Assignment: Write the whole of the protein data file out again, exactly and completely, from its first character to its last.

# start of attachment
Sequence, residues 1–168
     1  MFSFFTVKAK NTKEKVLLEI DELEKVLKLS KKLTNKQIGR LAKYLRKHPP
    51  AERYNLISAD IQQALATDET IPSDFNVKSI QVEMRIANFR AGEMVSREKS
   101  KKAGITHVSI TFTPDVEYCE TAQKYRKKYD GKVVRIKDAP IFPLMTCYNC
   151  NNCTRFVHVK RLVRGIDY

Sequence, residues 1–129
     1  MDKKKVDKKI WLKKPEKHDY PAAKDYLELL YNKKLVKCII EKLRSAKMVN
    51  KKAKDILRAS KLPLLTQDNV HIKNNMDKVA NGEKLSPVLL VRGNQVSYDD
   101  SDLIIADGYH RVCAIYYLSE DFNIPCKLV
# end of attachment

Sequence, residues 1–168
     1  MFSFFTVKAK NTKEKVLLEI DELEKVLKLS KKLTNKQIGR LAKYLRKHPP
    51  AERYNLISAD IQQALATDET IPSDFNVKSI QVEMRIANFR AGEMVSREKS
   101  KKAGITHVSI TFTPDVEYCE TAQKYRKKYD GKVVRIKDAP IFPLMTCYNC
   151  NNCTRFVHVK RLVRGIDY

Sequence, residues 1–129
     1  MDKKKVDKKI WLKKPEKHDY PAAKDYLELL YNKKLVKCII EKLRSAKMVN
    51  KKAKDILRAS KLPLLTQDNV HIKNNMDKVA NGEKLSPVLL VRGNQVSYDD
   101  SDLIIADGYH RVCAIYYLSE DFNIPCKLV